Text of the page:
4. With a page you get “Insights” which is data about when your fans visit your page, where they’re generally located, which of your posts are most popular, and much, much more. You can use this data to figure out when is the optimal time to post content, where geographically you may need to build up your fan base, and what kind of content is likely to be popular, just for starters.
5. With a profile you must give each person who runs the page the user email and password for the account. With a page you can assign admin roles instead, with different levels of authority.
6. With a profile, people must submit a friend request and have it approved before they can see your content (if you have privacy settings set up). This causes a delay in which their interest may wane. Again this can be avoided with a “follow” button, but people who use Facebook regularly may note the difference between large organizations, brands or businesses which they “like” and individuals who they “friend.” Again, using the correct method makes you seem more professional and capable.
7. If you use a profile you can’t become a “suggested page” or “suggested related content” that Facebook suggests to its users based on what they already “like” or links/stories they’ve clicked on. You’ve probably seen this when using Facebook yourself. With a profile you may be suggested to someone as “do you know so-and-so” because Facebook recognizes you as a potential “mutual friend.” The first method, with a page, spreads awareness of your page based on content and interest, while the second is based on whether or not someone who is already friends with the profile might also know you, limiting your chances of spreading your organization to a wider audience.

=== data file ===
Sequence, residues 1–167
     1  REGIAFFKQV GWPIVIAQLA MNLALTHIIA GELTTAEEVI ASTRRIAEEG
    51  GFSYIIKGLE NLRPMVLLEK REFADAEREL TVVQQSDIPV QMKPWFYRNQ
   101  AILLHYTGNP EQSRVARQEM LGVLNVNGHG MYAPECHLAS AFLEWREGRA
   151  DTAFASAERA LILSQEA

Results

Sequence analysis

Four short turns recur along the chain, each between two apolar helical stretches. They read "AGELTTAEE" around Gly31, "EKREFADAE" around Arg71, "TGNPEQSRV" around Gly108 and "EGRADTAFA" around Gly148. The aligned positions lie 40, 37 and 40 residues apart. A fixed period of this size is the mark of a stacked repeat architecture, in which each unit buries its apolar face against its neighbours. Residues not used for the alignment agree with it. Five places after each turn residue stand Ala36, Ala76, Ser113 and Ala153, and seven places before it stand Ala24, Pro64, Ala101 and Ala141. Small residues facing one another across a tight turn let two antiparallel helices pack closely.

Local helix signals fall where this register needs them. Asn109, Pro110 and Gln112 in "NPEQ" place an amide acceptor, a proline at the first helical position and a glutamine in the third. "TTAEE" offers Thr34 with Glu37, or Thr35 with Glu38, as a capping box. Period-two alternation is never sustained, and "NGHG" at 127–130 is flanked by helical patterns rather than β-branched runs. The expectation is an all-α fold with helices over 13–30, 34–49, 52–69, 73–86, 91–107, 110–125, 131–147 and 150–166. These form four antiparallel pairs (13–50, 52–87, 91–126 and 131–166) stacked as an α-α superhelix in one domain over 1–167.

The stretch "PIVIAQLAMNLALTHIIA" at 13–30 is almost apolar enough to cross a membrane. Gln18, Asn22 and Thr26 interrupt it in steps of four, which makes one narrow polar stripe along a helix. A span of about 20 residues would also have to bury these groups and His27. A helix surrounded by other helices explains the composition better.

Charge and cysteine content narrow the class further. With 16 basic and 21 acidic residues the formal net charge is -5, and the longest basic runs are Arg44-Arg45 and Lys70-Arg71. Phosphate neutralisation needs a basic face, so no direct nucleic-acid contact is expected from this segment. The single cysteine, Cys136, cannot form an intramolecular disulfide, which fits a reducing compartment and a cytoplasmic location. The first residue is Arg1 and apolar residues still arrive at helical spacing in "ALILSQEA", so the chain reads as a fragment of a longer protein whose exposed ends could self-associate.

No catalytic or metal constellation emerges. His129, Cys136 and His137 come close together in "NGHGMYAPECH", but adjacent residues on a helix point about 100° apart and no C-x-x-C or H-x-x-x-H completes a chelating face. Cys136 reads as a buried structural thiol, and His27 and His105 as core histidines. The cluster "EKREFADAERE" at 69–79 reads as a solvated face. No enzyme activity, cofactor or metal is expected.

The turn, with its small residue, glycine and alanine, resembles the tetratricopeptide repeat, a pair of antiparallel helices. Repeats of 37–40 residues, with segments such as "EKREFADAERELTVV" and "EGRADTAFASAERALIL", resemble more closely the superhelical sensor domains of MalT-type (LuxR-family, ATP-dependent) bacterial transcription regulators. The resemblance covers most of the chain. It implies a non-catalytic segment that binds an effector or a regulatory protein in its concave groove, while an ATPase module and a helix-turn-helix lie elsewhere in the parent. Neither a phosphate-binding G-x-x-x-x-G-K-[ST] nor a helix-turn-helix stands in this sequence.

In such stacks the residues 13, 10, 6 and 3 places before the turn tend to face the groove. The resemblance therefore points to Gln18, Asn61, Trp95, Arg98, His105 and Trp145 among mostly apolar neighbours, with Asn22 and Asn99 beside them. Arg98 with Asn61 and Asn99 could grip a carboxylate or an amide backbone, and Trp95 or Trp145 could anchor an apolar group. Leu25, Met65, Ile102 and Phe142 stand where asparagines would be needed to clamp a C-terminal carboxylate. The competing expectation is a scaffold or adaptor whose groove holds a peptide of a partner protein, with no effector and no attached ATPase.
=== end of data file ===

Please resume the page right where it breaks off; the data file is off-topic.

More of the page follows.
8. A page more easily allows you to control the messaging, branding and content that represents your organization. This is because any of your friends can post to your profile, and the most recent content that anyone has posted, you or your friends, is what is visible on your profile first. Someone can post something totally off topic, rather than the focus of your issues, or for example your most recent post that you want to be the first thing anyone sees. People can still post something to a page, but it has its own side box, rather than being prominently displayed in the main part of the screen.